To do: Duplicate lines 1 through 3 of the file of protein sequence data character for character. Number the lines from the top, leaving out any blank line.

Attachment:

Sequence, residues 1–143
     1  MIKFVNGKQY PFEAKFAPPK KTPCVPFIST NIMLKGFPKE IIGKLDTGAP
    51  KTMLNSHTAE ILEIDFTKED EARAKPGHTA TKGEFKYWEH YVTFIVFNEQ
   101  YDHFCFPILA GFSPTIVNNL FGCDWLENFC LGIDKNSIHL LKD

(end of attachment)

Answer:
Sequence, residues 1–143
     1  MIKFVNGKQY PFEAKFAPPK KTPCVPFIST NIMLKGFPKE IIGKLDTGAP
    51  KTMLNSHTAE ILEIDFTKED EARAKPGHTA TKGEFKYWEH YVTFIVFNEQ